September 16, 2008
NY Times Op-Ed Contributor
Boca Raton, Fla.
WHEN I drove to the Beverly Hills offices of Drexel Burnham Lambert on Feb. 13, 1990, the last thing I expected to hear was that the investment bank where I worked was going under. Yet early that morning, we were told that the company was filing for bankruptcy. I was, to put it mildly, blown away. At the time, Drexel had $3.5 billion in assets and was the biggest underwriter of junk bonds.
It all seemed like a very big deal at the time. But what’s happening this week makes me pine for the good old days.
When Lehman Brothers filed for bankruptcy on Monday, it became the latest but surely not the last victim of the subprime mortgage collapse. Lehman owned more than $600 billion in assets. Financial institutions around the world have already reported more than half a trillion dollars of mortgage-related losses and that figure will most likely double or triple before the crisis exhausts itself.
But there is a bigger potential failure lurking: the American International Group, the insurance giant. It poses a much larger threat to the financial system than Lehman Brothers ever did because it plays an integral role in several key markets: credit derivatives, mortgages, corporate loans and hedge funds.
Late Monday, A.I.G. was downgraded by the major credit rating agencies (which inexplicably still retain an enormous amount of power in the marketplace despite having gutted their credibility with unreliable ratings for mortgage-backed securities during the housing boom). This credit downgrade could require A.I.G. to post billions of dollars of additional collateral for its mortgage derivative contracts.
Fat chance. That’s collateral A.I.G. does not have. There is therefore a substantial possibility that A.I.G. will be unable to meet its obligations and be forced into liquidation. A side effect: Its collapse would be as close to an extinction-level event as the financial markets have seen since the Great Depression.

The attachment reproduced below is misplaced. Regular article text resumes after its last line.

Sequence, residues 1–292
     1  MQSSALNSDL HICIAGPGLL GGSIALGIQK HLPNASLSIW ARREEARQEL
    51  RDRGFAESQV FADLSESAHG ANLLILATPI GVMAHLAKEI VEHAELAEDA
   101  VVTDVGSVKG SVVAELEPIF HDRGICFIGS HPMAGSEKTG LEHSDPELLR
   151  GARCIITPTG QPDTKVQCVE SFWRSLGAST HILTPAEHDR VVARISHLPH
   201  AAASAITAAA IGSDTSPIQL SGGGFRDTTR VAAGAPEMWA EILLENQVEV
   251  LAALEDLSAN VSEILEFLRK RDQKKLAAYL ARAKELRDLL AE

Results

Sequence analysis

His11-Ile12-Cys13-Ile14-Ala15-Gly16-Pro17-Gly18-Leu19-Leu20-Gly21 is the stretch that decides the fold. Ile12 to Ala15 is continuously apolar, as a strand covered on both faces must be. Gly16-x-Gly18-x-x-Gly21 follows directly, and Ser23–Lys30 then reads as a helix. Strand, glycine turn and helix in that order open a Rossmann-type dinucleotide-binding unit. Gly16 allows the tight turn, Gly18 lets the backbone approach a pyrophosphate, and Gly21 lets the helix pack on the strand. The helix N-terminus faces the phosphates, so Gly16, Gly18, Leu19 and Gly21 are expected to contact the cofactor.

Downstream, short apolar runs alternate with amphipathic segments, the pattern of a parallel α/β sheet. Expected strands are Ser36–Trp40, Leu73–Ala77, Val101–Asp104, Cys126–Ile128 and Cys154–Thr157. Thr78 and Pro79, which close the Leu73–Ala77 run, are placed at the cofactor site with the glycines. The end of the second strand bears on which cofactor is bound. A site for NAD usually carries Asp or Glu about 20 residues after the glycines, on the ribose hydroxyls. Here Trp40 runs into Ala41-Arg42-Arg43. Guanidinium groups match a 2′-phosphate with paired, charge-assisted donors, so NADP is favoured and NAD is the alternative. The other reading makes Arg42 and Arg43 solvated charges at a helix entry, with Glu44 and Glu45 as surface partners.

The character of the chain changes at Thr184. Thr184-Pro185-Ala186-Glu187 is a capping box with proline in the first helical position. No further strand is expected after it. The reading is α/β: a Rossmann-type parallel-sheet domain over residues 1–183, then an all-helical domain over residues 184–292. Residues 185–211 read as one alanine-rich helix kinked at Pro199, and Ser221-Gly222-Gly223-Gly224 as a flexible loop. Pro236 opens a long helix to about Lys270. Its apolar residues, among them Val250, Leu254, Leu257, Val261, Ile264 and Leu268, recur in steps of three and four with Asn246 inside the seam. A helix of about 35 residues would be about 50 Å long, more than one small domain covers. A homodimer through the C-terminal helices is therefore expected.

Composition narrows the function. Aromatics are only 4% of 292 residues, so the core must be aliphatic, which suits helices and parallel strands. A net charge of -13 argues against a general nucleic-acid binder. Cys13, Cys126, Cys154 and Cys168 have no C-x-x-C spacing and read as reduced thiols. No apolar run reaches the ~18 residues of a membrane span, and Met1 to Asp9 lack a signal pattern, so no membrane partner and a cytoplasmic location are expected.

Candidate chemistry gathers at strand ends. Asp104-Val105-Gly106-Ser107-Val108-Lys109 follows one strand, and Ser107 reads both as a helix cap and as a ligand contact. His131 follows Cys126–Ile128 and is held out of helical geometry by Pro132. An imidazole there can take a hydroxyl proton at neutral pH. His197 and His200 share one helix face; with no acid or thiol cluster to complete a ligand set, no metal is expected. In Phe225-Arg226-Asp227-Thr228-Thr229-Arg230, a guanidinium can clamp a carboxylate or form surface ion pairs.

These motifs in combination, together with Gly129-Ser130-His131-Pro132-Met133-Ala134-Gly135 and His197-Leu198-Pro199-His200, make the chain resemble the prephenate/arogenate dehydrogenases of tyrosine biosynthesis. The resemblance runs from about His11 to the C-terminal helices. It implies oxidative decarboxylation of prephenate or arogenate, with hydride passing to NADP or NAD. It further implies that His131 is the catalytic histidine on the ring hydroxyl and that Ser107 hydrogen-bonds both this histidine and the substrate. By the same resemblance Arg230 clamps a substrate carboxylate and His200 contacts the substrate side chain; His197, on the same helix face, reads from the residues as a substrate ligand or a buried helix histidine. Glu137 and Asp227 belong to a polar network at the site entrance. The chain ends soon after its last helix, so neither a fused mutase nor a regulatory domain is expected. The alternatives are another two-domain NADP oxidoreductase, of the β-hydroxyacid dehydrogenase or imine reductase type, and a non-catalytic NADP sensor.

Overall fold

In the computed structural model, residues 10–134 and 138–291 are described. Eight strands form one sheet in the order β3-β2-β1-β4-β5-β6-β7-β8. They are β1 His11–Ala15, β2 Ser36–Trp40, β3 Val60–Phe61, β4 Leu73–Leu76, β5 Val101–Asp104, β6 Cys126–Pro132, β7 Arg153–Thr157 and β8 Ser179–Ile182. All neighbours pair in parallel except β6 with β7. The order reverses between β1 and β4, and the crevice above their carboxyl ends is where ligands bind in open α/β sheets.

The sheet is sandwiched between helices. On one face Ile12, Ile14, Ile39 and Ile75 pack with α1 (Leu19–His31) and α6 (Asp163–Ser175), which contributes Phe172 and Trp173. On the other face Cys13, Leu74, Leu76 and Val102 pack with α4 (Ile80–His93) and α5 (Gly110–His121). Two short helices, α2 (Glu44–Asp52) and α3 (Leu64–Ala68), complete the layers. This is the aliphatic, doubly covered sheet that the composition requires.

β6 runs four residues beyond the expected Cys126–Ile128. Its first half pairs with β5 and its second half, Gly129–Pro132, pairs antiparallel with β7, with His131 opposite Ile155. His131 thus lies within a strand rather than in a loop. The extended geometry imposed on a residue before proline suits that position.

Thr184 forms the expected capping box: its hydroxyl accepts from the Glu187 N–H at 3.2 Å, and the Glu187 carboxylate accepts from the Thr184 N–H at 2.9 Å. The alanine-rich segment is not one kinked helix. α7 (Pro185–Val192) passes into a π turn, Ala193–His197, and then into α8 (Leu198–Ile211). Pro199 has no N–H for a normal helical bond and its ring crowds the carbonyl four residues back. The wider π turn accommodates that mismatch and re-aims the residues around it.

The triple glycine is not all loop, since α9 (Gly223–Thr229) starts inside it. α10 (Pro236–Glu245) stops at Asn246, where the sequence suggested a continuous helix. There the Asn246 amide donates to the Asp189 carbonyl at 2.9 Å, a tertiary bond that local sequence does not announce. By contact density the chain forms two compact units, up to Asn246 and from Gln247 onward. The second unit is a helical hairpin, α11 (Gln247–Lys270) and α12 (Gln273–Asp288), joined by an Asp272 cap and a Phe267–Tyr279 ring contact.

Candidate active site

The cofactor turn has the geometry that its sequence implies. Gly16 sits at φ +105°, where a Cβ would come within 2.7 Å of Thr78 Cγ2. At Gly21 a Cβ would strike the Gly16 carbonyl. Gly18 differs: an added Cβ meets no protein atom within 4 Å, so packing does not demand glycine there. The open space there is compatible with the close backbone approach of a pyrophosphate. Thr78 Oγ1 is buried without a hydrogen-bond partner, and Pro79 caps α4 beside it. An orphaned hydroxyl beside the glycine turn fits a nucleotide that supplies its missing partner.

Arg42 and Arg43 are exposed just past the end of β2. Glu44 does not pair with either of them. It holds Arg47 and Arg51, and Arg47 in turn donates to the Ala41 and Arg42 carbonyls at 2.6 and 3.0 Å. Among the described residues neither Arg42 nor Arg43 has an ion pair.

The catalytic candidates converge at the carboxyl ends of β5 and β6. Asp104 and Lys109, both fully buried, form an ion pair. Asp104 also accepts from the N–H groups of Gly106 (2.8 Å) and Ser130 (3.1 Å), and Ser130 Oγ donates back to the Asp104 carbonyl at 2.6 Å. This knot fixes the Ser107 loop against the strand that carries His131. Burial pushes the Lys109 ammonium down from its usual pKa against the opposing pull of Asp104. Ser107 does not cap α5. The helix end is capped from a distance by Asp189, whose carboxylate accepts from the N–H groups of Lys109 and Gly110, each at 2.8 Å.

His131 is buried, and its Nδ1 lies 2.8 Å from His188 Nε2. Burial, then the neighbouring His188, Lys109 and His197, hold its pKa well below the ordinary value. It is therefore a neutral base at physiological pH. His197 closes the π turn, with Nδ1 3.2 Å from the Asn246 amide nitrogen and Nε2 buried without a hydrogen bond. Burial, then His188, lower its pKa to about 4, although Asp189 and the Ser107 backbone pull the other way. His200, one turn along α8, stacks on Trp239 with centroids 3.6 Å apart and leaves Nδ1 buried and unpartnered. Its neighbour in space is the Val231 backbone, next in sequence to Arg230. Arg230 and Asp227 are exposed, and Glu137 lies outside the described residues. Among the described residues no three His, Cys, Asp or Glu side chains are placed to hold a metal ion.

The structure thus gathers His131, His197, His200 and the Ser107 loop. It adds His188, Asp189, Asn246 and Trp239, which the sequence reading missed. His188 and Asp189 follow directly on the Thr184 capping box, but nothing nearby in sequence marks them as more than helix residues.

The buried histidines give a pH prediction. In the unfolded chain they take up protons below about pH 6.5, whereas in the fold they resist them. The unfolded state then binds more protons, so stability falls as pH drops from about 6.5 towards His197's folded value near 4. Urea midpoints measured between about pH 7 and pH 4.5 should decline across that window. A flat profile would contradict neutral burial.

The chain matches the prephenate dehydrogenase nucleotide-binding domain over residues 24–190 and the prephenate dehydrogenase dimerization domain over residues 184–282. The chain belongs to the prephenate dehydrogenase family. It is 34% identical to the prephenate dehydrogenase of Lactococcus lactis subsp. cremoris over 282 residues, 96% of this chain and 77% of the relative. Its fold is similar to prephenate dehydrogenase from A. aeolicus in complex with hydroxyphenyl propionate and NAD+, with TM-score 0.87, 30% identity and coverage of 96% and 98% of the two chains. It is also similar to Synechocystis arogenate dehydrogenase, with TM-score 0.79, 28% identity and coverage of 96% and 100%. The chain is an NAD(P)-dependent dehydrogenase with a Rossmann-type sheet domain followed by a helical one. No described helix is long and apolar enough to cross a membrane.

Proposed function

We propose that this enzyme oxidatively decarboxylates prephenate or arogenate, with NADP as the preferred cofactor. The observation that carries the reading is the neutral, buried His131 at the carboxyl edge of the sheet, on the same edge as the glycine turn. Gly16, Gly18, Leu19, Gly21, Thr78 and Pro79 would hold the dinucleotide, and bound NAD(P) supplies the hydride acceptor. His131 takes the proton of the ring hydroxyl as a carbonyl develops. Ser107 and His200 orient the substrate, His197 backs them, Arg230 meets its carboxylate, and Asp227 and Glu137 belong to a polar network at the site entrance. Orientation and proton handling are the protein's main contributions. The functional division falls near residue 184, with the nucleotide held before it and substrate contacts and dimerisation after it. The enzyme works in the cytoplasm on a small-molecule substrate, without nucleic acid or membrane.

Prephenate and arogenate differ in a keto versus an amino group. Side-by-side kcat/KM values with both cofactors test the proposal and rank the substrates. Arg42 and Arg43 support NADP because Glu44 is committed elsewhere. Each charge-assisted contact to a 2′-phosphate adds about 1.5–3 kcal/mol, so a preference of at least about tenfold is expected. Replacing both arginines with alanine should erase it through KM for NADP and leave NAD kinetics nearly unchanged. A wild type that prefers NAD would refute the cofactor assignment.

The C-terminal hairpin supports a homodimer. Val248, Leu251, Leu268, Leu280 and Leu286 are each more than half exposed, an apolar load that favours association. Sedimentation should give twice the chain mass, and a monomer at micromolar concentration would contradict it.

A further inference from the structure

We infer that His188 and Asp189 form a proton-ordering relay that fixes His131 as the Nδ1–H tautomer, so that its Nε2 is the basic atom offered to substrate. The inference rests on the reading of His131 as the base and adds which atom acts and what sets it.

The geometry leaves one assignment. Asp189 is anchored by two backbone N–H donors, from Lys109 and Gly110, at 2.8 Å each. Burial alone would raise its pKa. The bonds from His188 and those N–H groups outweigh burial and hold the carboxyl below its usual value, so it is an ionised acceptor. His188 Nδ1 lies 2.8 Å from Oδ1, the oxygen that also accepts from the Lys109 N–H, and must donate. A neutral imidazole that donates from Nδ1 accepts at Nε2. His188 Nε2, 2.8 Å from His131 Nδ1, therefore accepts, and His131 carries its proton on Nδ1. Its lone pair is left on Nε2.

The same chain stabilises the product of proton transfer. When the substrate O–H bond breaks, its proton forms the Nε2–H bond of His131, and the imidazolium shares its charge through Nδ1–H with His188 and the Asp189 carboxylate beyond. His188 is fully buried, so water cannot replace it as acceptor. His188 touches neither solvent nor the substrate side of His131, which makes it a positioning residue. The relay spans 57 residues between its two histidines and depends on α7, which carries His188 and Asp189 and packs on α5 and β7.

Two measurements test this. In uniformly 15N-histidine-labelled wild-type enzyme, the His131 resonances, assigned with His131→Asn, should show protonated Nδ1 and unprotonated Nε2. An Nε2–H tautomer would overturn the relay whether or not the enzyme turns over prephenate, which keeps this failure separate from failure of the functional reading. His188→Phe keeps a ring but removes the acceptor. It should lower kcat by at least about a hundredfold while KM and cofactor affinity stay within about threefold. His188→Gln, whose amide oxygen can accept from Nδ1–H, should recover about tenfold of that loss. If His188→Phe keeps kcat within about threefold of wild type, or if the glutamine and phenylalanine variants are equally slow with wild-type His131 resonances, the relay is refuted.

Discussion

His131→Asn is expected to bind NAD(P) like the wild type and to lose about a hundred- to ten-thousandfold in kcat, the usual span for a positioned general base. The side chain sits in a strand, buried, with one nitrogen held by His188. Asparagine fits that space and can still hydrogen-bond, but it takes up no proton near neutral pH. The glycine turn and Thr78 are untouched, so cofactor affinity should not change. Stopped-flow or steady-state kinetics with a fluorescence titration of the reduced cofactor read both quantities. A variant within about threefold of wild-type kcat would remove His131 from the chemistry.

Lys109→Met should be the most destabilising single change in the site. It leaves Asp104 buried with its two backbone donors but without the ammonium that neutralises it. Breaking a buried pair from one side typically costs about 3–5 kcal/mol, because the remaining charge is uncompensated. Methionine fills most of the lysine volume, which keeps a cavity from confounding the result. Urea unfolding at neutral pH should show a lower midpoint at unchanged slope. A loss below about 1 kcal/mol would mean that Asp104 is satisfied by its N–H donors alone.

A.I.G. does business with virtually every financial institution in the world. Most important, it is a central player in the unregulated, Brobdingnagian credit default swap market that is reported to be at least $60 trillion in size.
Nobody knows this market’s real size, or who owes what to whom, because there is no central clearinghouse or regulator for it. Credit default swaps are a type of credit insurance contract in which one party pays another party to protect it from the risk of default on a particular debt instrument. If that debt instrument (a bond, a bank loan, a mortgage) defaults, the insurer compensates the insured for his loss. The insurer (which could be a bank, an investment bank or a hedge fund) is required to post collateral to support its payment obligation, but in the insane credit environment that preceded the credit crisis, this collateral deposit was generally too small.
As a result, the credit default market is best described as an insurance market where many of the individual trades are undercapitalized. But even worse, many of the insurers are grossly undercapitalized. In one case in the New York courts, the Swiss banking giant UBS is suing a hedge fund that said it would insure nearly $1.5 billion in bonds but was unable to do so. No wonder — the hedge fund had only $200 million in assets.
If A.I.G. collapsed, its hundreds of billions of dollars of mortgage-related assets would be added to those being sold by other financial institutions. This would just depress values further. The counterparties around the world to A.I.G.’s credit default swaps may be unable to collect on their trades. As a large hedge-fund investor, A.I.G. would suddenly become a large redeemer from hedge funds, forcing fund managers to sell positions and probably driving down prices in the world’s financial markets. More failures, particularly of hedge funds, could follow.
Regulators knew that if Lehman went down, the world wouldn’t end. But Wall Street isn’t remotely prepared for the inestimable damage the financial system would suffer if A.I.G. collapsed.
While Gov. David A. Paterson of New York on Monday allowed A.I.G. to borrow $20 billion from its subsidiaries, that move will only postpone the day of reckoning. The Federal Reserve was also trying to arrange at least $70 billion in loans from investment banks, but it’s hard to see how Wall Street could come up with that much money.
More promisingly, A.I.G. asked the Federal Reserve for a bridge loan. True, there is no precedent for the central bank to extend assistance to an insurance company. But these are unprecedented times, and the Federal Reserve should provide A.I.G. with some form of financial support while the company liquidates its mortgage-related assets in an orderly manner.
The Fed cannot afford to stand on principle. The myth of free markets ended with the takeover of Fannie Mae and Freddie Mac. Actually, it ended with their creation.
Michael Lewitt is the president of a money management firm.
Copyright 2008 The New York Times Company